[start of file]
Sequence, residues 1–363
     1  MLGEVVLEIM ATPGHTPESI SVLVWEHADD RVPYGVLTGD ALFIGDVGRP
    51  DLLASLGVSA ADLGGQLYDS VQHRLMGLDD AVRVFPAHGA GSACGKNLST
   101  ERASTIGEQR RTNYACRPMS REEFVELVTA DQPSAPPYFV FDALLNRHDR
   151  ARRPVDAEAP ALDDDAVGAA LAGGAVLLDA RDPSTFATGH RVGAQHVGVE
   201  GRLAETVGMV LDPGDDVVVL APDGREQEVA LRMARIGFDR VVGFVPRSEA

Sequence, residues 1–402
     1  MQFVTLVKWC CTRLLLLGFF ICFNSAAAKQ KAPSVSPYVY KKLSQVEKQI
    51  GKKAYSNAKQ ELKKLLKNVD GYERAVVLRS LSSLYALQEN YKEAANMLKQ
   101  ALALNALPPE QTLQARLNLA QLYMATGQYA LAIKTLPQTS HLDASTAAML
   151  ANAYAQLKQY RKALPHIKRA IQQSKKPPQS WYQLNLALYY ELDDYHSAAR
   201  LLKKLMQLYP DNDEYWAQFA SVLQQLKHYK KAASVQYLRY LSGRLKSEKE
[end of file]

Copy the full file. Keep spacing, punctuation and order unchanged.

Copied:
Sequence, residues 1–363
     1  MLGEVVLEIM ATPGHTPESI SVLVWEHADD RVPYGVLTGD ALFIGDVGRP
    51  DLLASLGVSA ADLGGQLYDS VQHRLMGLDD AVRVFPAHGA GSACGKNLST
   101  ERASTIGEQR RTNYACRPMS REEFVELVTA DQPSAPPYFV FDALLNRHDR
   151  ARRPVDAEAP ALDDDAVGAA LAGGAVLLDA RDPSTFATGH RVGAQHVGVE
   201  GRLAETVGMV LDPGDDVVVL APDGREQEVA LRMARIGFDR VVGFVPRSEA

Sequence, residues 1–402
     1  MQFVTLVKWC CTRLLLLGFF ICFNSAAAKQ KAPSVSPYVY KKLSQVEKQI
    51  GKKAYSNAKQ ELKKLLKNVD GYERAVVLRS LSSLYALQEN YKEAANMLKQ
   101  ALALNALPPE QTLQARLNLA QLYMATGQYA LAIKTLPQTS HLDASTAAML
   151  ANAYAQLKQY RKALPHIKRA IQQSKKPPQS WYQLNLALYY ELDDYHSAAR
   201  LLKKLMQLYP DNDEYWAQFA SVLQQLKHYK KAASVQYLRY LSGRLKSEKE